2 1/4 stars
During the first week of school each of the students were given a list of extracurricular activities they could join. There was the football and baseball teams among other sports activities. Though one of my aunts felt I should try out for football because I was heavy, I had little interest in it. The first group I considered was band since I could play the piano; but I never saw a piano out on the football field. The only choice was a xylophone strapped to my frame. I nixed that idea, imagining I would have looked like a carnival clown walking across the field. It was a good thing I did not sign up because during the school year I noticed students in band seemed to get picked on more frequently than other kids. I joined the school’s newspaper and yearbook staffs. During that first year I discovered there was a pecking order based on what group or team a student was in. No one from the major sports teams was ever bullied. When it came to band or to the chess group, there was a good chance they would get their books knocked out of their hands or be shoved out of the way while walking down the hallway. Can you imagine a kid who stops participating in something because they would be picked on for it. Think about Andy Warhol or Steven Spielberg as kids, getting picked on for what they were passionate about and deciding they would never paint or make a movie again. It would be so sad for them and a loss for us. See what happens to poor Bruce Garrett, played by Nick Frost (The World’s End, Paul), when his love for salsa dancing was literally beaten out of him in this comedy film. On the way to the junior championships contest, young Bruce was attacked by a group of boys. Never making it to the event, Bruce vowed he would never dance again. Fast forward 30 years to see how that decision changed his life. Nick did a beautiful job as the lovable unmotivated Bruce. Chris O’Dowd (The Sapphires, Bridesmaids) as his co-worker Drew and Rashida Jones (The Social Network, Celeste & Jesse Forever) as their American boss Julia were just as good with their characters. I found parts of the film funny even while there was a sad undertone that filtered through the predictable story. The script seemed so smart with the dialog but the scenarios were at times boring to me. I believe it was due to several unsurprising and inconceivable actions. Based on an idea from Nick, I hope he does not get discouraged by the reviews coming out for this movie.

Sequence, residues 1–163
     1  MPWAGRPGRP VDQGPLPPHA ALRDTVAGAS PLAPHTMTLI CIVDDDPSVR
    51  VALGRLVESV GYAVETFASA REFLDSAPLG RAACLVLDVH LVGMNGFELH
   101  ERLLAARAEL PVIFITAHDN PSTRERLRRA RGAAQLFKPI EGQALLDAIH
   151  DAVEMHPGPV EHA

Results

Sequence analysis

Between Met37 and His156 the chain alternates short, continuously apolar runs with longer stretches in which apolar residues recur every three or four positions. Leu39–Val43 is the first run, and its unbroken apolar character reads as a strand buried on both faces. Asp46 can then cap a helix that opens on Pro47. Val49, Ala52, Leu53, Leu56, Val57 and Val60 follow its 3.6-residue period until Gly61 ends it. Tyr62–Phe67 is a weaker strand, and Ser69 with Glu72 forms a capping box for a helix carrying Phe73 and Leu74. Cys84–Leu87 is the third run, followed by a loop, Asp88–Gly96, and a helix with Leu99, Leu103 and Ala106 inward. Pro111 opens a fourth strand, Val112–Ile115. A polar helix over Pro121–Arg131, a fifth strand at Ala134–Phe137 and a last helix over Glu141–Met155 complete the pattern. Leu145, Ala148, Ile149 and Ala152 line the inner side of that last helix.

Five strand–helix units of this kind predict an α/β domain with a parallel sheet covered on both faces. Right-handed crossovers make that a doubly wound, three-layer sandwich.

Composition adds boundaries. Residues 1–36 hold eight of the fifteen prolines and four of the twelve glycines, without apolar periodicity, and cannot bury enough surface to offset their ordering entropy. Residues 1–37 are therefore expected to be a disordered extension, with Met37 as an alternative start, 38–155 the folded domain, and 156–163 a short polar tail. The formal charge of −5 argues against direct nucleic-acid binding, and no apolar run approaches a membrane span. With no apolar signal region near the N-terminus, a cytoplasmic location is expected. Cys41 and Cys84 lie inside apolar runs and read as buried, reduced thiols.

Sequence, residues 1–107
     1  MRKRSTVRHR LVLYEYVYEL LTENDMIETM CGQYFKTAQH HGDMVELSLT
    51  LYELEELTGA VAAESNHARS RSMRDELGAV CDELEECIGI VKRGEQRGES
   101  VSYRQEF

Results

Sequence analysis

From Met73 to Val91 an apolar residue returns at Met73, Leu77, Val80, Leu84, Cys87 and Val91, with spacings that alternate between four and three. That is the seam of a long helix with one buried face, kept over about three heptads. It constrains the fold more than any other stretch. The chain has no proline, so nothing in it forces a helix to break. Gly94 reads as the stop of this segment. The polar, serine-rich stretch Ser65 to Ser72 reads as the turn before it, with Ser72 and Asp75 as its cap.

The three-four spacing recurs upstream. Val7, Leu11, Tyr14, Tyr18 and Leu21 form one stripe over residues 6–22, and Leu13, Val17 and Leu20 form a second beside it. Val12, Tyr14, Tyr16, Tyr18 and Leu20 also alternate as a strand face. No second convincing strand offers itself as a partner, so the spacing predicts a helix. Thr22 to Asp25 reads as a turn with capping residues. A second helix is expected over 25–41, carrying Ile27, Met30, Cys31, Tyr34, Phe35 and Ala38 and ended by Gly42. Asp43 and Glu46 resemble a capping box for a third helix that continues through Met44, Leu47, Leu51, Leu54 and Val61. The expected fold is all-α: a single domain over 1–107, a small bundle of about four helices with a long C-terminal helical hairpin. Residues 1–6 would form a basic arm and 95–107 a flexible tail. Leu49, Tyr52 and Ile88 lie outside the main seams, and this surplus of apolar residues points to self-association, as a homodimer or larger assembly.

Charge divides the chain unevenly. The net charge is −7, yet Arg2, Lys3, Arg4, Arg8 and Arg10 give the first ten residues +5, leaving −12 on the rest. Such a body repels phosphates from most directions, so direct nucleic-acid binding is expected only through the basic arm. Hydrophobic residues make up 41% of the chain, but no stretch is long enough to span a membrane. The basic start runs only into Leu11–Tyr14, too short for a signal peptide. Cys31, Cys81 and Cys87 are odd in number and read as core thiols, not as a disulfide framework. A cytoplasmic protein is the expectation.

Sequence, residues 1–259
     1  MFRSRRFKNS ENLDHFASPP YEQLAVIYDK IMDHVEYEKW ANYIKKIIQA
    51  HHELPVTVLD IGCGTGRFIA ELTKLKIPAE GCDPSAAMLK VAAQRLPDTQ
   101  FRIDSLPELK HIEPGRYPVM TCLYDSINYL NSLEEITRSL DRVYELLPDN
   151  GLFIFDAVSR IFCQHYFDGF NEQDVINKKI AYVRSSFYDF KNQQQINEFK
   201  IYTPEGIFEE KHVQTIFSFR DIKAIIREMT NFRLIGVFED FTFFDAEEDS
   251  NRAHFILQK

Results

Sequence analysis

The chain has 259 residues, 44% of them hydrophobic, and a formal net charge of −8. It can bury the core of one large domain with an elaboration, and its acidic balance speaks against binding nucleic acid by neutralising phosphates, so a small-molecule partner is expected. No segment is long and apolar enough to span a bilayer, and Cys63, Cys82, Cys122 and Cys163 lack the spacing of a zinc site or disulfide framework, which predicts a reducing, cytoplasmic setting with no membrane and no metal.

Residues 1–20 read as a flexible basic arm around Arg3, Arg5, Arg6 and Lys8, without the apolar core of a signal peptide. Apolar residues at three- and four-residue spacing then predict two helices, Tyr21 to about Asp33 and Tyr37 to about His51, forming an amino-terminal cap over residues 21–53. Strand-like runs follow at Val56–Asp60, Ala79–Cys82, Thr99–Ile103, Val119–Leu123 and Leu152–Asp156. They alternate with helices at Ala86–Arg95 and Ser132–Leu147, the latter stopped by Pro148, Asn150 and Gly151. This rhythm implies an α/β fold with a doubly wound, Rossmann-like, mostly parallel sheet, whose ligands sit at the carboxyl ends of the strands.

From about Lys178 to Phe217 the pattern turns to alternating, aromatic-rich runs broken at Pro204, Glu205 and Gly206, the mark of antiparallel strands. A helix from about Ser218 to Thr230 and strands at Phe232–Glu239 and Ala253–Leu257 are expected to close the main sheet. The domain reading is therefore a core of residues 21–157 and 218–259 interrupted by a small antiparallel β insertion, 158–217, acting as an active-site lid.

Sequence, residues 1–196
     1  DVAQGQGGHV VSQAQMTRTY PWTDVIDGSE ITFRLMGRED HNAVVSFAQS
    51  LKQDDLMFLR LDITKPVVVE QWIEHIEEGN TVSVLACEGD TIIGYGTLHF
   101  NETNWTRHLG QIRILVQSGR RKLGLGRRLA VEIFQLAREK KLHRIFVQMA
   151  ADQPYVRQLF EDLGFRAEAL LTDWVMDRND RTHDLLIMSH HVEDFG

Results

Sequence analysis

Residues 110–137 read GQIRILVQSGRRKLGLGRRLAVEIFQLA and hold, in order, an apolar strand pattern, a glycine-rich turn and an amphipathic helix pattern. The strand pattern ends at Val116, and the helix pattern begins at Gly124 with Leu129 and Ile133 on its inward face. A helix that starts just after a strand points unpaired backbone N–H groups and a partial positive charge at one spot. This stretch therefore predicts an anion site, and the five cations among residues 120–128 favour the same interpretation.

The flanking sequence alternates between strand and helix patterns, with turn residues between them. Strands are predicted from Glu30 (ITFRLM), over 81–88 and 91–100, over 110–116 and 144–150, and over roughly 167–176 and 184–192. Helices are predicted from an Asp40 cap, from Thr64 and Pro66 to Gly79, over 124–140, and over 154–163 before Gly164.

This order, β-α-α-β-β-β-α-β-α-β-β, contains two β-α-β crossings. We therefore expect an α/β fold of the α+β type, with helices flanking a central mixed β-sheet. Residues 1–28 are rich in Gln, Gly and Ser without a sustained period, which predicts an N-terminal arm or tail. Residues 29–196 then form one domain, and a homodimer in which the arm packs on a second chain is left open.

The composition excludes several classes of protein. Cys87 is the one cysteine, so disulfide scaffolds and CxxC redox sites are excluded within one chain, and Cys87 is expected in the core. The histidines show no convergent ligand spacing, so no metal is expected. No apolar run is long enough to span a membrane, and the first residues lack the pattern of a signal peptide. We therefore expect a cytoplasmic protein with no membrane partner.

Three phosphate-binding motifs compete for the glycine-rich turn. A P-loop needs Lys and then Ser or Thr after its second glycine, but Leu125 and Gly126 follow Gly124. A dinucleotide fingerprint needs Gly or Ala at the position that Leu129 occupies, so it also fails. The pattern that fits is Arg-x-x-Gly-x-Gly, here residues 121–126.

2 1/4 stars
It can be a word or a phrase I hear and I immediately get flooded with memories from a long time ago. Hearing “Just a spoonful of sugar…” and I see myself sitting in an ornate downtown theater with my mother, aunt and cousins watching Mary Poppins on the big screen. Afterwards, we walked across the street to a department store where my cousins and I were each able to pick out one toy to buy. When I hear “I’ll get you my pretty” I can picture my aunt’s house where everyone was gathered; with all the kids in the basement sitting on the floor, in front of the television watching a special presentation of The Wizard of Oz. As soon as I heard Fee, Fi, Fo, Fum in this adventure movie; I was swept up into a mixture of childhood memories with storybook characters coming to life. Nicholas Hoult (Warm Bodies, About A Boy) played Jack, the boy who went to town to sell a horse and received magic beans for payment. Except in this updated version there were a few twists to the story. When Princess Isabelle, played by Eleanor Tomlinson (The Illusionist, Alice in Wonderland) was caught and lifted away in the growing beanstalk to the land of the giants; her father King Brahmwell, played by Ian McShane (Deadwood-TV, Snow White and the Huntsman), dispatched a rescue party to save her. Leading the party were Isabelle’s fiancee Roderick and guardsman Elmont, played by Stanley Tucci (The Hunger Games, Margin Call) and Ewan McGregor (The Impossible, Big Fish). Director Bryan Singer (X-Men franchise, The Usual Suspects) did a perfect balance between story and wonderful special effects. I enjoyed the almost cartoonish quality to the characters of Ewan and Stanley as they had to endure a more physical type of role. Surprisingly, the two leads Nicholas and Eleanor were just okay compared to the other actors. This was a fun movie, that was easy to watch with consistent pacing. It may not have had many surprises, but how could it really when one has grown up with the fantasy story.
2 3/4 stars